Jo Ingles

Statehouse Reporter

Jo Ingles is a professional journalist who covers politics and Ohio government for the Ohio Public Radio and Television for the Ohio Public Radio and Television Statehouse News Bureau. She reports on issues of importance to Ohioans including education, legislation, politics, and life and death issues such as capital punishment. Jo started her career in Louisville, Kentucky in the mid 80’s when she helped produce a televised presidential debate for ABC News, worked for a creative services company and served as a general assignment report for a commercial radio station. In 1989, she returned back to her native Ohio to work at the WOSU Stations in Columbus where she began a long resume in public radio.

After working for more than a decade at WOSU-AM, Jo was hired by the Ohio Public Radio/TV News Bureau in 1999. Her work has been featured on national networks such as National Public Radio, Marketplace, the Great Lakes Radio Consortium and the BBC. She is often a guest on radio talk shows heard on Ohio’s public radio stations. In addition, she’s a regular guest on WOSU-TV’s “Columbus on the Record”, WOSU Radio’s “All Sides with Ann Fisher” and other radio and television shows throughout the state. Jo also writes for respected publications such as Columbus Monthly and the Reuters News Service. She has won many awards for her work across all of those platforms. She is currently the president of the Ohio Radio and TV Correspondent’s Association, a board member for the Ohio Legislative Correspondent’s Association and a board member for the Ohio Associated Press Broadcasters. Jo is also the media adviser for the Ohio Wesleyan University, “Transcript” newspaper. She also teaches radio productions courses there. She lives in southern Delaware County with her husband, Roger, and two children.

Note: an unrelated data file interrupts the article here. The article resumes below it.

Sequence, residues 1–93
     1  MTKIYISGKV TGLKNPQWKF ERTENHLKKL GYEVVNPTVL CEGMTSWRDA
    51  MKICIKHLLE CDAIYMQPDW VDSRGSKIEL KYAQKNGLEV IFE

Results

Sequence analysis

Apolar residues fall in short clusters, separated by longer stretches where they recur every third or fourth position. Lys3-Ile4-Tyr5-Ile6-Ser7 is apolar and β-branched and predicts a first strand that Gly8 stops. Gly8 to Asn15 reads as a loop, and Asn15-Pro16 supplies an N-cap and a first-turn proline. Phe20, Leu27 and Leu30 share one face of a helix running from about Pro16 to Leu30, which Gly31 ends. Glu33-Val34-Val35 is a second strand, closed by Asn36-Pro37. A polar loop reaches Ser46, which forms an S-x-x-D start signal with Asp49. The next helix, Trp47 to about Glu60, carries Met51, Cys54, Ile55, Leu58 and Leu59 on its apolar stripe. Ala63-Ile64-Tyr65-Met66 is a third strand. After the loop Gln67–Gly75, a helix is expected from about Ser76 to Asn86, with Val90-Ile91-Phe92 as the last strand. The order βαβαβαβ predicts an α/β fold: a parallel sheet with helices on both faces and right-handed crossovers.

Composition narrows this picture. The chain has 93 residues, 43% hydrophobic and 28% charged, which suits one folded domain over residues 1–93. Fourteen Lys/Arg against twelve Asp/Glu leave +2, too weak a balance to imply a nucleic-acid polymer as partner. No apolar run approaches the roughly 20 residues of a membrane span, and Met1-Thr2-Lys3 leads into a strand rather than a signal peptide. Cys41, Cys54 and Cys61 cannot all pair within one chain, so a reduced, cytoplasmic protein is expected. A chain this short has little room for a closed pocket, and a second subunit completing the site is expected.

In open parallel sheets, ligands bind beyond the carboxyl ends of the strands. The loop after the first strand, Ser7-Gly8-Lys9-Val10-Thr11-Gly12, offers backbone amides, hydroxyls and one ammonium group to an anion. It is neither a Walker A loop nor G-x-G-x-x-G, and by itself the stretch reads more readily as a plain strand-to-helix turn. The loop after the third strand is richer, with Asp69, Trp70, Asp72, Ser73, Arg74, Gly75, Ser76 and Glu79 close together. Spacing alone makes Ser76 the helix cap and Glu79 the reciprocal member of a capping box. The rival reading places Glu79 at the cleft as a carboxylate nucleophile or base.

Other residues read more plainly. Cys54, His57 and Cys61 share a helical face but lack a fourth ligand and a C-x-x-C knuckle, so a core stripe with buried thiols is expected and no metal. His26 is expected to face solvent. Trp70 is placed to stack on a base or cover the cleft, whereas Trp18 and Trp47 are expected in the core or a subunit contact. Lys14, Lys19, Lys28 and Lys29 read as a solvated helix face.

Ways to Connect

photo of Brenda Ryan
JO INGLES / STATEHOUSE NEWS BUREAU

Gov. John Kasich has signed a bill into law that increases penalties for drug trafficking.

Cuyahoga Falls resident Brenda Ryan is raising her 7-year-old grandson after his mother, Sheena Moore, died from a drug overdose in 2016. She was only 31 years old. 

Ryan says the man who provided the deadly drugs to her daughter spent only eight years in prison because the penalties were reduced once it was determined the drug wasn’t heroin.

photo of marijuana
United States Fish and Wildlife Service

The state has issued the first license for a large-scale medical marijuana cultivator under Ohio’s medical marijuana program.

Ohio Department of Commerce spokeswoman Stephanie Gostomski said Buckeye Relief has passed its inspection and has been issued a certificate of operation, the first issued to a large-scale cultivator, which is allowed to grow up to 25,000 square feet of medical marijuana. 

photo of Blindsquare
JO INGLES / STATEHOUSE NEWS BUREAU

New navigation technology made possible by the state is helping blind students at Columbus State Community College get around the campus easier.

A phone app called Blindsquare is being used at the Columbus campus to help blind students maneuver their way around without assistance.

Kevin Martin, the head of the state agency that helps disabled people live independently, said it provided the $10,000 needed to install the system.

photo of kidney dialysis patient
SHUTTERSTOCK

There are questions about whether Ohio voters will see an issue on the ballot this fall that, if passed, would put restrictions on clinics that provide kidney dialysis. First, the group backing the referendum effort fell short of signatures, and now supporters of the measure are facing a lawsuit.

photo of Greg Moody
DAN KONIK / STATEHOUSE NEWS BUREAU

One of Gov. John Kasich’s top department chiefs has resigned.

Greg Moody, the man Kasich tapped to head a new health policy office he created, will be stepping down in a few days.

Moody will leave the governor’s Office of Health Transformation at the end of this month and begin an academic appointment at The Ohio State University Aug. 1. He’ll serve as Executive in Residence at the John Glenn College of Public Affairs.

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